She has been a pouting, sultry icon ever since emerging from behind a rock barely wearing a doe-skin bikini in the 1966 film One Million Years BC.

London - How ironic that it should take Raquel Welch - a woman whose very name is a byword for sexual fantasy - to identify one of the most urgent problems society faces today: an overwhelming and deeply damaging obsession with sex.

It’s 46 years since she appeared from behind a rock in an improbable but devastatingly alluring doe-skin bikini in the ridiculous film One Million Years BC.

The moral outrage this prompted seems laughable now, for compared with the violent, degrading pornography freely available to anyone capable of clicking a computer mouse, the Swinging Sixties were as innocent as one of Donald McGill’s saucy seaside postcards.

Raquel, now 71, blames today’s “era of porn” for turning us into sex addicts: “We have equated happiness in life with as many orgasms as you can possibly pack in...where is the anticipation and the personalisation? It’s an exploitation of the poor males’ libidos. Poor babies, they can’t control themselves.”

In recent years, pornography has moved with terrifying speed from a niche pursuit to one that is ubiquitous and hugely profitable. For a teenage boy only a decade ago, porn was just a mucky magazine, bought only after weeks of steeling himself to saunter nonchalantly into a newsagent’s and grab it from the top shelf.

Today, more than a quarter of internet users have visited a pornographic website. And that doesn’t begin to take into account the vast amount distilled through chatrooms, message boards and shared images.

Internet porn is frequently violent and aggressive. Practices that only a few years ago would have been regarded as abnormal are now mainstream. Male desires that previously would have remained dark fantasies, or have been kept in check, have now become both popularised and legitimised.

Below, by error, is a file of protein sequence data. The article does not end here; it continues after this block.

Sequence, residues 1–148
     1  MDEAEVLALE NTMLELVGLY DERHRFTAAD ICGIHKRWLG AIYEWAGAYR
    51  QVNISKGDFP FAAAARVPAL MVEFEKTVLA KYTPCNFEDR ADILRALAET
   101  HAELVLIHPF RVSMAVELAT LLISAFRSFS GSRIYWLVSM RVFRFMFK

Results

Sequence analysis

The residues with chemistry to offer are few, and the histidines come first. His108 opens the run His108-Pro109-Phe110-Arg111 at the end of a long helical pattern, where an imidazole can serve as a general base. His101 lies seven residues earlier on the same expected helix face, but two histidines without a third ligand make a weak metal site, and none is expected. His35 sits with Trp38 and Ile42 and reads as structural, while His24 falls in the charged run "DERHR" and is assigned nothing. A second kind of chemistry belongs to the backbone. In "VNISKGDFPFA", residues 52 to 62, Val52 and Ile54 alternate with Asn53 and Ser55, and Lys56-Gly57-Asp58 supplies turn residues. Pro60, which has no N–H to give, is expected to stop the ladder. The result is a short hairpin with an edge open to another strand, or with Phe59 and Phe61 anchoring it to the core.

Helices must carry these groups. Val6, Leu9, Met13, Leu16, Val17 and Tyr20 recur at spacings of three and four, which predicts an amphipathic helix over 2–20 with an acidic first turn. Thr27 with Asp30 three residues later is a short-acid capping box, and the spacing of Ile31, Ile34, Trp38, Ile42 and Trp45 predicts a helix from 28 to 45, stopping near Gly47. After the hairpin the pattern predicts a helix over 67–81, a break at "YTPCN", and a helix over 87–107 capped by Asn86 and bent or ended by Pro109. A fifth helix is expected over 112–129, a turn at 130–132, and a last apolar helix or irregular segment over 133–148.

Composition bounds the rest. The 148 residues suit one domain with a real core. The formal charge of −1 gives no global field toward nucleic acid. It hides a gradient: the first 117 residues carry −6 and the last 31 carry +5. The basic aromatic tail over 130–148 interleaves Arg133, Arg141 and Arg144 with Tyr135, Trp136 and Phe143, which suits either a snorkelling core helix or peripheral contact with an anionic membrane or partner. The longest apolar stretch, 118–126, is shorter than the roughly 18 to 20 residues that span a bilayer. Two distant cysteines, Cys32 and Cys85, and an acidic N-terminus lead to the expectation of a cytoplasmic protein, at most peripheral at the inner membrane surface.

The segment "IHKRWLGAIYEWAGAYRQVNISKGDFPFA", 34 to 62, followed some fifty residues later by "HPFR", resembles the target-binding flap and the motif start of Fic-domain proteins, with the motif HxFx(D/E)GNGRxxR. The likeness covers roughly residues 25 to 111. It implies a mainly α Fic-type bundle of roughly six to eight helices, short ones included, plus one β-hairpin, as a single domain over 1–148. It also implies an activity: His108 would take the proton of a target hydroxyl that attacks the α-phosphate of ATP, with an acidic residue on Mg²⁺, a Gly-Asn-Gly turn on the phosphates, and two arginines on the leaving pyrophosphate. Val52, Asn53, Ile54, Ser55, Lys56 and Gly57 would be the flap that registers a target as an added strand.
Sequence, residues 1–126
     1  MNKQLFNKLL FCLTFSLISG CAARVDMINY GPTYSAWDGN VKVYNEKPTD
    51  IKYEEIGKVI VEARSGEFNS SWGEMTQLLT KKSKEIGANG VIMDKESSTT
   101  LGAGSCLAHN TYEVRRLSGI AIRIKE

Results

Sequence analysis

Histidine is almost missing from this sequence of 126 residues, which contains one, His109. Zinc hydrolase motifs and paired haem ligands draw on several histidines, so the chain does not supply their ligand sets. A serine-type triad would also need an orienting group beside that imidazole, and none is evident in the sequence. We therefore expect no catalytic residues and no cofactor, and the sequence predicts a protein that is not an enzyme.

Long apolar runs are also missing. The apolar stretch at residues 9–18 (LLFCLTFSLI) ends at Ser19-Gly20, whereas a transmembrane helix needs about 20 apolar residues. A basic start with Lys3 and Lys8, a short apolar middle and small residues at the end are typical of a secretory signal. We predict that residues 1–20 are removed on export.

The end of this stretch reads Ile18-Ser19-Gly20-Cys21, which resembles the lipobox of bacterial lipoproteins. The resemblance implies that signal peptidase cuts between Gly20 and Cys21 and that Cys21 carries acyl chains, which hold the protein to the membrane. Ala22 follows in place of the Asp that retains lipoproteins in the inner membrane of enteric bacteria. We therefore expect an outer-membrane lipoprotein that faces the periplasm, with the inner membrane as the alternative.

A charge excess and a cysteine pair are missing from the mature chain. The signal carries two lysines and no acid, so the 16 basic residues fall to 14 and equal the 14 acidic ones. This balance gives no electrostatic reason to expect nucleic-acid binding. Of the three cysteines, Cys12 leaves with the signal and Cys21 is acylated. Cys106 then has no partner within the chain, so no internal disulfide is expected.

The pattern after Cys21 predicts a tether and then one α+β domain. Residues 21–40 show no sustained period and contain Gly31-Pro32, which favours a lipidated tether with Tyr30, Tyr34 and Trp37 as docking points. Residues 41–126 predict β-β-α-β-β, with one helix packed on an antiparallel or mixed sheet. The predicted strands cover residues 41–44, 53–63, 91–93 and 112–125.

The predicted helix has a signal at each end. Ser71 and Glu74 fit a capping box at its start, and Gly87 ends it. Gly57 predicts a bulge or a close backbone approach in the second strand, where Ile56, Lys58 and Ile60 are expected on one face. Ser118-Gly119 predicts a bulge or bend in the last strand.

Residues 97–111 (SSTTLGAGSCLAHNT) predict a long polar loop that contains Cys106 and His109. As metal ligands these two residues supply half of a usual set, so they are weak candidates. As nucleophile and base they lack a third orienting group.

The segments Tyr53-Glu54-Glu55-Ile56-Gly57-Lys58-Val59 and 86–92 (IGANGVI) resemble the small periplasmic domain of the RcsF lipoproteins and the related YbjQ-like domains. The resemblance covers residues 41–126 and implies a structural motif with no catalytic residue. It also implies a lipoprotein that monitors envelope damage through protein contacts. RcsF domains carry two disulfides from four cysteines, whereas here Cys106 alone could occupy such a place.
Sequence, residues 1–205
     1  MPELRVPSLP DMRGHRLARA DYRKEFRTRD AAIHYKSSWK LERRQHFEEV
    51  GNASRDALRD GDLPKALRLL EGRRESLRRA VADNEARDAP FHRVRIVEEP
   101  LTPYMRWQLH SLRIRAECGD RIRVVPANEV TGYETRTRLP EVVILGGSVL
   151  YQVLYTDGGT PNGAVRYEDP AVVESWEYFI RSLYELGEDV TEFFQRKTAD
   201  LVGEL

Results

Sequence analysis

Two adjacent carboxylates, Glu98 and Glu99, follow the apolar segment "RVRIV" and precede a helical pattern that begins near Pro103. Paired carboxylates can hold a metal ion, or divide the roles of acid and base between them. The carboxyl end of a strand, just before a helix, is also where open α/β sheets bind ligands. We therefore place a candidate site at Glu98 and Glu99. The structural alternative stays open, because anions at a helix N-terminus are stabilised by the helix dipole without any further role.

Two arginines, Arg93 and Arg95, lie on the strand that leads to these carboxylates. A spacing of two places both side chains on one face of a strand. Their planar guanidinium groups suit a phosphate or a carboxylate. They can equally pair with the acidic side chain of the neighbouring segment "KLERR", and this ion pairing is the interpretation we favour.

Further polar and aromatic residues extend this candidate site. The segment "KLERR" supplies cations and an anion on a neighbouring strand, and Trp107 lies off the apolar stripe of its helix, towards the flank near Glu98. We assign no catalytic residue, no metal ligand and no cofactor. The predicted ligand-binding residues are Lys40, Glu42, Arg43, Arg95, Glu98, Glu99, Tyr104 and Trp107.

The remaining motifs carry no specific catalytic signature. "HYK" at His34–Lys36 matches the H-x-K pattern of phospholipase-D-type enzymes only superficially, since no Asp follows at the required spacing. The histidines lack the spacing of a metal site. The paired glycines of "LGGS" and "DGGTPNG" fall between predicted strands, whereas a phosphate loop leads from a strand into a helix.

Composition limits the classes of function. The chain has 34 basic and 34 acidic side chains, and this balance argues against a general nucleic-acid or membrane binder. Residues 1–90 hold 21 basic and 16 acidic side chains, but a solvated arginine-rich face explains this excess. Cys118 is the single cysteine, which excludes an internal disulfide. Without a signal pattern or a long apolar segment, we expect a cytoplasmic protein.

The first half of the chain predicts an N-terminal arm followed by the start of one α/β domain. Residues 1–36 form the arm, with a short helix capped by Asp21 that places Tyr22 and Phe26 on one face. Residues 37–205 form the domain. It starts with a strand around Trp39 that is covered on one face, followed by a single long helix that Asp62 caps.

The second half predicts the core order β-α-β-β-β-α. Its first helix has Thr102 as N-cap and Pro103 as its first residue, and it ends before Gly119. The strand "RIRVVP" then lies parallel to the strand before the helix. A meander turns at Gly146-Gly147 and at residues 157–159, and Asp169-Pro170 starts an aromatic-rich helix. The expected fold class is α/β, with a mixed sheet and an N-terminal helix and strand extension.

The consequences of this are only just beginning to be understood. But it cannot be a coincidence that sexual violence against women in Britain is on the increase. A recent survey of 1,600 women on Mumsnet revealed that an astonishing one in ten women say they have been raped, and more than a third subjected to sexual assault.

These figures are staggering, almost unbelievable. But they become less surprising when you consider that images of women being pulled by their hair and roughly handled during cold, impersonal sex are commonplace on the internet.

As a mother, I find this simply terrifying. What will the consequences be for my daughter, exposed to a generation of boys who have grown up watching this stuff?

And what of my ten-year-old son - how can I hope to protect him from such degrading and desensitising filth during his teenage years? The answer, at the moment, is that I can’t: you can impose filters on the family computer, but it’s almost impossible to apply them to smartphones, or to check what your children see at a friend’s house.

I’ve written before in support of Tory MP Claire Perry’s proposal to make internet porn accessible only to those over 18 who actively opt to see it. Despite paying lip service to this idea, which is not only sensible, but vital, neither David Cameron nor Culture Minister Ed Vaizey have taken the necessary steps to make it happen.

As Raquel Welch says: “I don’t care if I’m becoming one of those old fogeys who says: ‘Back in my day we didn’t have to hear about sex all the time.’ Nobody remembers what it’s like to be left to form your own ideas about what’s erotic and sexual.”

Sex used to be the most powerful gift a woman could bestow. And the pursuit of this prize encouraged men to regard it not as some bestial form of domination (which is how it’s frequently portrayed on the internet) but as a demonstration of love and respect.

Yet for modern teenagers - and for God knows how many older men - I fear sex has been reduced to an entirely loveless experience that is predicated on the humiliation and subjugation of women.

Forty-six years ago, “porn” for most teenage boys amounted to little more than a poster of Raquel in her cavewoman bikini on their bedroom wall. I suspect today’s teens would barely register that poster as even mildly erotic. And that’s a tragedy not just for them, but for us all. - Daily Mail